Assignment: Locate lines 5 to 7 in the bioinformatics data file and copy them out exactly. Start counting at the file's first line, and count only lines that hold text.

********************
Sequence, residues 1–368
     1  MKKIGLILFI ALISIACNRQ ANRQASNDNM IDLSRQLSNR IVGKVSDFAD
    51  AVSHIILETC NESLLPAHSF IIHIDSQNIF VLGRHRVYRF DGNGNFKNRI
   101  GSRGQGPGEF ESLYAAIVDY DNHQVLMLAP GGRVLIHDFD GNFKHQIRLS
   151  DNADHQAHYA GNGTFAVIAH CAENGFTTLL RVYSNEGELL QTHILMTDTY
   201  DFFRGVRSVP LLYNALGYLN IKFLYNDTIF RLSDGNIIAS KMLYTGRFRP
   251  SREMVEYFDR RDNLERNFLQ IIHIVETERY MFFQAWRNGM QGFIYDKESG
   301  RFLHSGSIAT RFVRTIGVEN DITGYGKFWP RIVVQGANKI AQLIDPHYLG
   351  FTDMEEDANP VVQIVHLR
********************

   151  DNADHQAHYA GNGTFAVIAH CAENGFTTLL RVYSNEGELL QTHILMTDTY
   201  DFFRGVRSVP LLYNALGYLN IKFLYNDTIF RLSDGNIIAS KMLYTGRFRP
   251  SREMVEYFDR RDNLERNFLQ IIHIVETERY MFFQAWRNGM QGFIYDKESG